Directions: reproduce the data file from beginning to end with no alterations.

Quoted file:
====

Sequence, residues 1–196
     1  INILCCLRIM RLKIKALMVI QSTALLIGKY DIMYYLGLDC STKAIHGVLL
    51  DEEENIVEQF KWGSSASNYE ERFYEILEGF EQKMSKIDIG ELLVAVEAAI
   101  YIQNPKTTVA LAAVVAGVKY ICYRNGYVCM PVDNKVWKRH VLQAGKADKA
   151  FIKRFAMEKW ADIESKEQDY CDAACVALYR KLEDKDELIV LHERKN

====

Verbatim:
Sequence, residues 1–196
     1  INILCCLRIM RLKIKALMVI QSTALLIGKY DIMYYLGLDC STKAIHGVLL
    51  DEEENIVEQF KWGSSASNYE ERFYEILEGF EQKMSKIDIG ELLVAVEAAI
   101  YIQNPKTTVA LAAVVAGVKY ICYRNGYVCM PVDNKVWKRH VLQAGKADKA
   151  FIKRFAMEKW ADIESKEQDY CDAACVALYR KLEDKDELIV LHERKN